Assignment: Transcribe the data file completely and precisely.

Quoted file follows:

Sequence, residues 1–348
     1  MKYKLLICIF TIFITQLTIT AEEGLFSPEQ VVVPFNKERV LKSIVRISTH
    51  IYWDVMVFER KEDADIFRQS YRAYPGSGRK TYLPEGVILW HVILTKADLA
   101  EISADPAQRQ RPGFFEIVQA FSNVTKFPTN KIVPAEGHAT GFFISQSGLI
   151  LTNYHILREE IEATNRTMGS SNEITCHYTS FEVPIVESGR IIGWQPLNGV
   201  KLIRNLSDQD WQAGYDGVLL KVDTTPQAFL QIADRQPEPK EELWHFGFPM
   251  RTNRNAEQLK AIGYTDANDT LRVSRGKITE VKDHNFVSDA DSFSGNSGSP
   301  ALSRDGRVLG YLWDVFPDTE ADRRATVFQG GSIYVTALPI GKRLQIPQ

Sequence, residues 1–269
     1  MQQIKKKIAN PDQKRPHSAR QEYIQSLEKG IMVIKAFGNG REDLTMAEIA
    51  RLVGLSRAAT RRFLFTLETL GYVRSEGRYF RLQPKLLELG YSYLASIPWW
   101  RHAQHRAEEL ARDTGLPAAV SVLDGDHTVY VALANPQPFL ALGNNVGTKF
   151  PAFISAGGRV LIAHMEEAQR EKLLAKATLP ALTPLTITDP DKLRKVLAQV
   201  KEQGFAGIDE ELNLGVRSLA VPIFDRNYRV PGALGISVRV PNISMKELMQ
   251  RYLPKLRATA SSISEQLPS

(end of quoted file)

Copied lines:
Sequence, residues 1–348
     1  MKYKLLICIF TIFITQLTIT AEEGLFSPEQ VVVPFNKERV LKSIVRISTH
    51  IYWDVMVFER KEDADIFRQS YRAYPGSGRK TYLPEGVILW HVILTKADLA
   101  EISADPAQRQ RPGFFEIVQA FSNVTKFPTN KIVPAEGHAT GFFISQSGLI
   151  LTNYHILREE IEATNRTMGS SNEITCHYTS FEVPIVESGR IIGWQPLNGV
   201  KLIRNLSDQD WQAGYDGVLL KVDTTPQAFL QIADRQPEPK EELWHFGFPM
   251  RTNRNAEQLK AIGYTDANDT LRVSRGKITE VKDHNFVSDA DSFSGNSGSP
   301  ALSRDGRVLG YLWDVFPDTE ADRRATVFQG GSIYVTALPI GKRLQIPQ

Sequence, residues 1–269
     1  MQQIKKKIAN PDQKRPHSAR QEYIQSLEKG IMVIKAFGNG REDLTMAEIA
    51  RLVGLSRAAT RRFLFTLETL GYVRSEGRYF RLQPKLLELG YSYLASIPWW
   101  RHAQHRAEEL ARDTGLPAAV SVLDGDHTVY VALANPQPFL ALGNNVGTKF
   151  PAFISAGGRV LIAHMEEAQR EKLLAKATLP ALTPLTITDP DKLRKVLAQV
   201  KEQGFAGIDE ELNLGVRSLA VPIFDRNYRV PGALGISVRV PNISMKELMQ
   251  RYLPKLRATA SSISEQLPS